Why Send Newborn Babies to Prison If We Don't Have To?

Stop me if I told you this already. Oh, hah-hah, it's print, isn't it? You can't stop me. Well then just bear with me. In American schools, kids learn to read from kindergarten through the third grade. From fourth grade on, they read to learn.

Kids who can't read by fourth grade never really know what school is about. A book is a brick. A classroom is a jail. All teachers are boring.

Statistically and for the great mass of children, the ones who can't read at grade-level by the end of third grade are toast. Toast. Forget about it. Don't even tell me about remediation.

Yes, some kids can catch up with remedial instruction. But the money and the time are not there to do it on a mass scale. The kids most likely not to read at grade level go home every afternoon to corrosive environments anyway. Most of them are already on what The Children's Defense Fund calls the "cradle to prison pipeline."

Significant brain development is complete by about third grade. By the third grade, children know if they are mainstream people or marginal people. A 2011 national longitudinal study by the Annie E. Casey Foundation found that high school students who did not read at grade level in the third grade are four times more likely to drop out before graduation than those who did. One in three black and one in six Latino boys born in 2001 are at risk of imprisonment during their lifetimes.

Depressing, what? Yeah, but that's why I was so struck by what I thought was a bit of amazingly great news in the 2013 "Community Achievement Scorecard," a report on public schools in Dallas County just published by Commit!, a Dallas-based research and advocacy group.

Toward the end the report is a dot graph with one dot for each of 425 campuses. It measures two things -- the percentage of kids who read at grade level at the end of the third grade in each school and where that school falls on the poverty index.

Not surprisingly, as you move to the right and the campuses get poorer and poorer, the percentage of kids at third-grade reading proficiency falls. But, wait, the dots also spread out way more as you move to the right.

This is a point I think Commit! Director Todd Williams made to me at least a year ago, and I guess it sort of went in one ear and maybe out a nostril or something. The greatest spread in reading proficiency is at the poorest end of the scale.

So what? This what: that means some of the poorest school are way at the bottom of the proficiency index. But others are almost up at the top. What does that mean? It means everything.

Think about it, and let's just focus on the schools at the bottom of the poverty scale. Same demographic for all. We can assume, I think, that the same environmental and family issues are at work on all of these kids. So why are some entire schools way at the top of proficiency and others way at the bottom?

The schools! The schools are the difference. The teachers, the principals, the rest of the adults in that building, something they are doing is enough to profoundly change the destinies of these children.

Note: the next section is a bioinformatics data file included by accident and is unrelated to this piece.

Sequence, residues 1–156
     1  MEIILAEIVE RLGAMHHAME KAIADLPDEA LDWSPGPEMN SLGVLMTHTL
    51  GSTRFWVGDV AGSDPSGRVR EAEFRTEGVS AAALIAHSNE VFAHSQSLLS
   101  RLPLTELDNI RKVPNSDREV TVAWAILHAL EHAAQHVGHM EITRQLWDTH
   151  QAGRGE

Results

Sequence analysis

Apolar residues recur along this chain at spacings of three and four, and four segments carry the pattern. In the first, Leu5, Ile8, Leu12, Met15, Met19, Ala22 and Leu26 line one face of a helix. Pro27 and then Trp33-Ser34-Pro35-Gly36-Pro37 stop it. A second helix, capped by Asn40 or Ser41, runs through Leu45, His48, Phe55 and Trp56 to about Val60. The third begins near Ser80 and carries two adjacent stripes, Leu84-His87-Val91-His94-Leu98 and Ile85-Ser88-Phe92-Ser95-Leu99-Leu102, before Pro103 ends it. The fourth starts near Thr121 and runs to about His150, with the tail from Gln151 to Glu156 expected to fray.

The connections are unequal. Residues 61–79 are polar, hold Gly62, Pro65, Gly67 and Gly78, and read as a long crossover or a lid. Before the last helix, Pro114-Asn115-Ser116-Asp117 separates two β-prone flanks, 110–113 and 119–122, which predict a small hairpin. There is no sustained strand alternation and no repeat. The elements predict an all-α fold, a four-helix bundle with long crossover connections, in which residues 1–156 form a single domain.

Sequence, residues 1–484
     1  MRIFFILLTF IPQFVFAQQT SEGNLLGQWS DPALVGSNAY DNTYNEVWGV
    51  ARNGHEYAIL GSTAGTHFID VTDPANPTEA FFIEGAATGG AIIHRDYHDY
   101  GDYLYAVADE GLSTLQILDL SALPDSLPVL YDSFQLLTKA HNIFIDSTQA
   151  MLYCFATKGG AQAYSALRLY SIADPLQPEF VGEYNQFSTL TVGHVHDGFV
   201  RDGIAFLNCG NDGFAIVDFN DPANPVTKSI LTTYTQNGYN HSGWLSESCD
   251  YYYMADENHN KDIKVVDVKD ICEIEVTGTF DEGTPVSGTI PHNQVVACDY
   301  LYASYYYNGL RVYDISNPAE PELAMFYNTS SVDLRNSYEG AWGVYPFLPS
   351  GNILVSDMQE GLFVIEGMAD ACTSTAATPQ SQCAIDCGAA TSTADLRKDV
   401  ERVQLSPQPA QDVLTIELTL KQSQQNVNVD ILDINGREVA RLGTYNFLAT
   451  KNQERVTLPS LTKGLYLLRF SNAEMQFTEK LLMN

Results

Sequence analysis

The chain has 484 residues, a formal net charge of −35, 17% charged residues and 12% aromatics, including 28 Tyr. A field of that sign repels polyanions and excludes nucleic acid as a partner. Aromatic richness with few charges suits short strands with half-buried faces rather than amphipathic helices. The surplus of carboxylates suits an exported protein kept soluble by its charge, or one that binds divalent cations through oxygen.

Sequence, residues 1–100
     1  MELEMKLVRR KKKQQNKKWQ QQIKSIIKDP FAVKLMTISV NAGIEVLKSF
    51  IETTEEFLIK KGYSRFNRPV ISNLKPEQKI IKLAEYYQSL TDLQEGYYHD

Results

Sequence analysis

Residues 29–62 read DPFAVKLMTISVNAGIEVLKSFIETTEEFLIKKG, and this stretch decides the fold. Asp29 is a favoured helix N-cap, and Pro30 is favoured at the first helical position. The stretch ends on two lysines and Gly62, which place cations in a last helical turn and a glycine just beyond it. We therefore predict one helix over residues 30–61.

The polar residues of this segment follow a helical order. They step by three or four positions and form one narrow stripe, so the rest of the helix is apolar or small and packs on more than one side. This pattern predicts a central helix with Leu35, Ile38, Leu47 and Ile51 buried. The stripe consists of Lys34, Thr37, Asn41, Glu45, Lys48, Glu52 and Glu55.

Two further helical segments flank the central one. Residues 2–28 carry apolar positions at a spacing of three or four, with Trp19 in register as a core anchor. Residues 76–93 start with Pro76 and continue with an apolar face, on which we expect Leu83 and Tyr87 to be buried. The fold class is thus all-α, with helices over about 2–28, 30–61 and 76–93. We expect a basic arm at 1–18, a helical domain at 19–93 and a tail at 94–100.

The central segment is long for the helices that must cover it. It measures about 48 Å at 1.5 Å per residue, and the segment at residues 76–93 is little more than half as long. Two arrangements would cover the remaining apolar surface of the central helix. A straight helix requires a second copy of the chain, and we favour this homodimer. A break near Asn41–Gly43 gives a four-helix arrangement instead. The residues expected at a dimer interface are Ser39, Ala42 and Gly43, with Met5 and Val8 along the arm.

All that stuff about everything being up to the parents, all of those arguments about demographics being destiny, all of those stories about kids who can't be taught: none of that is true.

Look at it again. Same kids. Same demographics. Same social and family dynamics. But some schools bring them to grade-level reading proficiency at the end of the third grade, making them into little mainstream people and not little marginal people, taking them out of the cradle to prison pipeline. And some schools do not.

Somebody knows how to do it. Somebody is doing it here in Dallas County.

The Commit! chart has a legend at the top that says, "Identify school practices that are creating an environment of outlier student success." That means go to the successful schools, see how they do it and carry that lesson to the failed schools.

The failures are real, and the consequences are horrific. Those Children's Defense Fund numbers mean that you and I could get an ink stamp, go down to the maternity ward right now, walk down through the rows of babies and stamp "PRISON" on the forehead of every third black baby. If we could find a hospital where all of of the black babies were poor, we could stamp it on most of them. And that does not have to be. We know how to snatch those babies up off that horrible conveyor belt and save a hell of a lot of them.

When I finished reading the Commit! report, I sat for a long while and thought about how focusing on failure lets us all off the hook, because if we look only at the failed schools we can tell ourselves nothing can be done. Might as well go back to the ballgame.

But if we force ourselves to look at the successful schools and we see that nothing is inevitable and everything can be done, then how can we live with ourselves until every single baby that can be rescued has been rescued?

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Jim Schutze has been the city columnist for the Dallas Observer since 1998. He has been a recipient of the Association of Alternative Newsweeklies’ national award for best commentary and Lincoln University’s national Unity Award for writing on civil rights and racial issues. In 2011 he was admitted to the Texas Institute of Letters.
Contact: Jim Schutze